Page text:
Prospecting Gold: How to Earn More Sales Referrals on LinkedIn
April 5, 2018
In sales, logic says that you are better off securing a personal introduction to a prospect than trying to connect via cold outreach. But if you’re still not convinced, jump into your prospect’s shoes for a moment. Would you rather engage with someone who comes recommended by someone you trust, or a complete stranger?
There’s a reason why buyers are 5x more likely to engage with a sales professional when introduced through a mutual connection. Here’s how to boost your likelihood of landing valuable referrals month after month.
Use TeamLink to Surface Opportunities
The TeamLink function in Sales Navigator can make short work of “warm path” identification by helping you quickly identify who in your existing network is connected to a prospect. Anyone in your company using Sales Navigator will show up, greatly expanding your visibility of who’s connected to who. If someone is connected to a prospect’s account, you’ve immediately found a potential referral path.
Reverse-Engineer Warm Introductions
To further streamline the process of identifying paths to referrals, you can use LinkedIn Sales Navigator to see your contacts’ most valuable connections before asking them for an introduction. In other words, you can reverse-engineer warm introductions.
In the profile of your LinkedIn network connections, you’ll see a box showing all their connections. Click on the “See all connections” link to see the full list. You can narrow that list by entering keywords or selecting from existing filters like title, seniority level, and company size.
Request a Referral the Right Way
A person’s LinkedIn connections are not a commodity; they are built on a foundation of trust and respect. Your colleagues don’t want to risk annoying or alienating these trusted connections, so give them good reason to make the referral.
Once you come across a match, send a friendly LinkedIn InMail message or email to your connection. In your message, justify your request by explaining why you want to connect with the prospect. In other words, outline the value you can offer.
Saying you are falling short on your quota for the month is not going to make the case for you. Instead of going with a self-serving approach, logically explain why it makes sense for your connection to make the introduction. If you can demonstrate how the prospect will potentially benefit by engaging with you, your connection is much more likely to give you the referral.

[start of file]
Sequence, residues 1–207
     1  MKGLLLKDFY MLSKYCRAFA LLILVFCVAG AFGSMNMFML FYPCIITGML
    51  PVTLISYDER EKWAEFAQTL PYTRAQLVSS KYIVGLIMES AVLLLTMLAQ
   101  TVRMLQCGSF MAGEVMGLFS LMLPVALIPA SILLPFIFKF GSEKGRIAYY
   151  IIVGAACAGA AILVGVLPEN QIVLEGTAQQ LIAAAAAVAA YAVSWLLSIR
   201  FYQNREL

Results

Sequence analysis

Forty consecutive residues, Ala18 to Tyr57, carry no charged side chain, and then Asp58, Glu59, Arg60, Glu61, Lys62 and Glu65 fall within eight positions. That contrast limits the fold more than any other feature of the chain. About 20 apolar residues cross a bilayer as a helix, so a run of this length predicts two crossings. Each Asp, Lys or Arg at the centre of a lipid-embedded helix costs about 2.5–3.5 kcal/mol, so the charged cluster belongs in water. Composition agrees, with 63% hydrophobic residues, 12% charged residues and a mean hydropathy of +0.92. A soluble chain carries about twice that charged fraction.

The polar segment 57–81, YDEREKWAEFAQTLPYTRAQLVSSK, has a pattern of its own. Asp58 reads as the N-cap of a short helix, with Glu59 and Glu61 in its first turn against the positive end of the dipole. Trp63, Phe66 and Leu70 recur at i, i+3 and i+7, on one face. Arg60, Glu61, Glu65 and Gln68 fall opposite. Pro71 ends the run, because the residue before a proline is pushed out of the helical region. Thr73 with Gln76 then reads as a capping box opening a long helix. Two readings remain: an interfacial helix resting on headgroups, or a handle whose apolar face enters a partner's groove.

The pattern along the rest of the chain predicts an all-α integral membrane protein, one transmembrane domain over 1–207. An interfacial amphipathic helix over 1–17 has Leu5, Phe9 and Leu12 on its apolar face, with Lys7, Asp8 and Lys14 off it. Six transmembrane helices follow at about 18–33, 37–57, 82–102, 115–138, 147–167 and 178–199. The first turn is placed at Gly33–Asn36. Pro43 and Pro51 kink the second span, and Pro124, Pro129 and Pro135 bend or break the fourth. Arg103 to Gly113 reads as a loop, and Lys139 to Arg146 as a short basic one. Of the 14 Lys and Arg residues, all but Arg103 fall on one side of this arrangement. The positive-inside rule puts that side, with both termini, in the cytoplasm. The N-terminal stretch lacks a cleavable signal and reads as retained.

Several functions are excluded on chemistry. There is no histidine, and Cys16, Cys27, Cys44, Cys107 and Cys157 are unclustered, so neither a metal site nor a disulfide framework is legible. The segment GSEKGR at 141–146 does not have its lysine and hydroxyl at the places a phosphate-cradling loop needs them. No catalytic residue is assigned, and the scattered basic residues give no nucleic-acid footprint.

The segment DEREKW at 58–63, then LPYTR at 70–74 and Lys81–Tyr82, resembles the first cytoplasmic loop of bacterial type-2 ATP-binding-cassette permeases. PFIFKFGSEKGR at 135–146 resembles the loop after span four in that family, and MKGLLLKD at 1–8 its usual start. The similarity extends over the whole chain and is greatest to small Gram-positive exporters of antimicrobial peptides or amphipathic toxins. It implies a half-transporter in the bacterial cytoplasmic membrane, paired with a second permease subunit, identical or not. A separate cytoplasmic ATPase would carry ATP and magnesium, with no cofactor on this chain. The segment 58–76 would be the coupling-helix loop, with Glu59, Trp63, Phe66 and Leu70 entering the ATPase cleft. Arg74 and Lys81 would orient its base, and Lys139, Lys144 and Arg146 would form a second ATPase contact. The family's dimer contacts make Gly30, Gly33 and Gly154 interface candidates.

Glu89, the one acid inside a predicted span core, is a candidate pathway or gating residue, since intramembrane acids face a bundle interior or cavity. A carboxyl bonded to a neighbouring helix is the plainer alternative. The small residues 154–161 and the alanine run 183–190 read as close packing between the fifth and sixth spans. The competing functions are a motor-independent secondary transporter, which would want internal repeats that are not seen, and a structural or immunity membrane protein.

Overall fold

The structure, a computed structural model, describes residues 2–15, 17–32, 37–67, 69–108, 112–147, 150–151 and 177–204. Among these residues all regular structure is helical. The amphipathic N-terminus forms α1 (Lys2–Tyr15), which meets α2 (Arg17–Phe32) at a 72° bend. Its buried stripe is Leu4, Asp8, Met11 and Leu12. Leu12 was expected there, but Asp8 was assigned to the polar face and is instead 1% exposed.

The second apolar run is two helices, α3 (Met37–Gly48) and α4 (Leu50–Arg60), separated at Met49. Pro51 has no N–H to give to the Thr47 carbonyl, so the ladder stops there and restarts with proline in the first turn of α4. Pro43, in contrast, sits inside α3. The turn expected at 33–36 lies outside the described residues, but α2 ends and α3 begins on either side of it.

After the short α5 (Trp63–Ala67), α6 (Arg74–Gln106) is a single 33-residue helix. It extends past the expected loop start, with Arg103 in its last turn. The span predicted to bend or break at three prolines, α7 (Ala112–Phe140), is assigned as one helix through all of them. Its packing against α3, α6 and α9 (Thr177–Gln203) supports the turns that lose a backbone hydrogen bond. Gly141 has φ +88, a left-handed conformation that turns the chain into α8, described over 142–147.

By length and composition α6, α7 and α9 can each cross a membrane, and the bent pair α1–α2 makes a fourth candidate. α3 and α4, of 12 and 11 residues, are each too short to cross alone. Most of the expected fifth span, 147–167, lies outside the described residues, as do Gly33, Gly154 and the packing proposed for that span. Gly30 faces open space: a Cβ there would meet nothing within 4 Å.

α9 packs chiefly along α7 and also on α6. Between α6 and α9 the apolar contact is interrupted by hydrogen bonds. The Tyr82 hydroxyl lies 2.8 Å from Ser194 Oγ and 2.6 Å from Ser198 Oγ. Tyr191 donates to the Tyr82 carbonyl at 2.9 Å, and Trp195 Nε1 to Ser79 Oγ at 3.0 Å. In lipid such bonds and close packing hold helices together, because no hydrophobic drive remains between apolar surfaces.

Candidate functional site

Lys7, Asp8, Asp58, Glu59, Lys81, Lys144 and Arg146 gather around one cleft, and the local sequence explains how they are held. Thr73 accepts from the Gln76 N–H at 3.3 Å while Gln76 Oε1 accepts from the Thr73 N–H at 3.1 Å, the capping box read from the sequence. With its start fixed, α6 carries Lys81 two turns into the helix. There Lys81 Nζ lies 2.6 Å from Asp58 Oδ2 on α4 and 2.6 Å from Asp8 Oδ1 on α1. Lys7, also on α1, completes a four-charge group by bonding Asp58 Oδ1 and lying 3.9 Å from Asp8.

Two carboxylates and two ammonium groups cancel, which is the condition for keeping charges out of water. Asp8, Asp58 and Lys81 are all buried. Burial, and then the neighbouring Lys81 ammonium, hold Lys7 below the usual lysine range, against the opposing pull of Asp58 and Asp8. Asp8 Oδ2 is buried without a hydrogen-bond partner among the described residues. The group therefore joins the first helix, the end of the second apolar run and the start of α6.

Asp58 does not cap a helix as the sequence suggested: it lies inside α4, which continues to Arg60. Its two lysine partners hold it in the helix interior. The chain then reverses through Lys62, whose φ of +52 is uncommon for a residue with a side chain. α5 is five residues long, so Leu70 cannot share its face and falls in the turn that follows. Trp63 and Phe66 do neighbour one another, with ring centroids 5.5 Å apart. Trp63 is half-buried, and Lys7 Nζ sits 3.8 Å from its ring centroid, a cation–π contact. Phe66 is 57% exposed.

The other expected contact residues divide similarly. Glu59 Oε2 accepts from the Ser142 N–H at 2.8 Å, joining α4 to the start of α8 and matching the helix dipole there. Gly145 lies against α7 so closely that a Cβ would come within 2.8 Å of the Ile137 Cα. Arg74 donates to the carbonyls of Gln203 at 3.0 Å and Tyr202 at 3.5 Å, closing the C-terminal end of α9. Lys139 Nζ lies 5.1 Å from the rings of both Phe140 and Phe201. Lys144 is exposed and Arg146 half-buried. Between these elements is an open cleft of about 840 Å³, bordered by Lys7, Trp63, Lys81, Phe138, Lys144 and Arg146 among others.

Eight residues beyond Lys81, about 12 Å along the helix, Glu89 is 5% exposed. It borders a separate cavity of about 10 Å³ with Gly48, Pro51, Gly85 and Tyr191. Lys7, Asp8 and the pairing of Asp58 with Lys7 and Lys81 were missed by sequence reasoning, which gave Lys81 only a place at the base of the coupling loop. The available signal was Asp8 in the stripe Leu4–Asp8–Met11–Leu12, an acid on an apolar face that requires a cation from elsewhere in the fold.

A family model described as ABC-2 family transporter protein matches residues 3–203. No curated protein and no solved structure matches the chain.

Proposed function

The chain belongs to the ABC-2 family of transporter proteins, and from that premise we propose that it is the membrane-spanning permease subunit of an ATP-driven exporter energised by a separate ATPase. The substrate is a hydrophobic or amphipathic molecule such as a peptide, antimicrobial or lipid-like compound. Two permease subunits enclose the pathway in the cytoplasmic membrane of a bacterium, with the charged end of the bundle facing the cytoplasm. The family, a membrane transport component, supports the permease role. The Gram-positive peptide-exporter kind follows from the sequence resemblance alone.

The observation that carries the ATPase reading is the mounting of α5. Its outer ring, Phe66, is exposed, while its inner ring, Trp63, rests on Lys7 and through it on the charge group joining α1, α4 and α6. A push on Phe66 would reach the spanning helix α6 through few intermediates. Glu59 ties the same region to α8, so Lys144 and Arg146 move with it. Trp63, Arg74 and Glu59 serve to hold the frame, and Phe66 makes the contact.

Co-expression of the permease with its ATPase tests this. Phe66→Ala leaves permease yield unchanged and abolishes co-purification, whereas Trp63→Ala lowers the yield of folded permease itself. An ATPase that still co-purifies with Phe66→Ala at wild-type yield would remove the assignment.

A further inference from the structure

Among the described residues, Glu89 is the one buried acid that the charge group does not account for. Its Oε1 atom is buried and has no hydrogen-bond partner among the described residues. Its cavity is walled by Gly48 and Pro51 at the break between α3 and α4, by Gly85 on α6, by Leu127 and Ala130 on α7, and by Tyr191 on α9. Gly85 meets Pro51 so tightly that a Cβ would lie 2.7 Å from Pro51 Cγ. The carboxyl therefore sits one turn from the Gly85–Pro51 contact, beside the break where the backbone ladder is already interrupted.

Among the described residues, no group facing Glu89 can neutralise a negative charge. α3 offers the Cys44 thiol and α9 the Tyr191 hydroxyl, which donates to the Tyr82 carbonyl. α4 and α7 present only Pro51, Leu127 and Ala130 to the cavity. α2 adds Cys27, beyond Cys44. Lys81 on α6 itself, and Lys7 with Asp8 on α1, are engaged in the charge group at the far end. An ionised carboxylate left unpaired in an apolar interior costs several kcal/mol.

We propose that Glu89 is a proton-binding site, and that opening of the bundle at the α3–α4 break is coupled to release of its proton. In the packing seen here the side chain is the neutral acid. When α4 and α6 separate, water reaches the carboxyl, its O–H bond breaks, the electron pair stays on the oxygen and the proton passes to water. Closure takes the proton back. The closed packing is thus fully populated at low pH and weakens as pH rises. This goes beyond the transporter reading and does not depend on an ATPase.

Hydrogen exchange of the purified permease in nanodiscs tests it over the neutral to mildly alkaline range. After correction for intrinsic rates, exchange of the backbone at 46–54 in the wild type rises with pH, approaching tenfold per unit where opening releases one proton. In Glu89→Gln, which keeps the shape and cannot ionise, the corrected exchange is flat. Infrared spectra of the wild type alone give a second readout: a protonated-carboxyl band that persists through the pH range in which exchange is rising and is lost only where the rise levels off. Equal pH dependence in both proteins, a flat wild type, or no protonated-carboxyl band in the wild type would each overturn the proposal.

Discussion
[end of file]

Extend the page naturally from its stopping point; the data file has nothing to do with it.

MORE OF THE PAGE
Minimize the Ask to Maximize Success
It’s more probable that your connections will make a referral if you can minimize the effort on their part. Make it easy for them to follow through and make the introduction by supplying them with a message template they can use in their outreach.
Here’s an example of what it would look like if you are David, your colleague is Amanda, and the person you want to meet is Erin.
David, meet Erin – a go-getter who has already accomplished amazing things in her short career.
Erin, meet David – he specializes in helping people in positions like yours achieve [insert relevant goal here]. I believe you will gain value from speaking with David about your goals and how he might be able to help you reach them.
I’ll let you two take it from here.
Even when asking for a referral from a customer or partner, make it easy for them. Identify the connection you’d like to make, respect the value of that connection to your customer or partner, and send them a message they can easily reuse when making the introduction.
Here’s an example of that. Again you are David, but the customer’s name is Brendan, and the person you want to meet is Sara.
Hope this message finds you well!
I’d like to introduce you to David of Better Process Consulting. His company made all the difference in a recent initiative to make our department more efficient. I believe your company could benefit from his services as well.
I’ll let you two take it from here.
All the best,
Once you are introduced, follow up right away. Aim for a warm, personalized message that clearly explains why you’re reaching out and the value you can offer. Highlight common ground if possible (such as a shared interest you noticed on LinkedIn), but stay on track with your message. Keep it friendly and brief, and close with a clear next step.
For more ways to prospect smarter, download our eBook, Read Me If You Want to Target the Right Prospects on LinkedIn.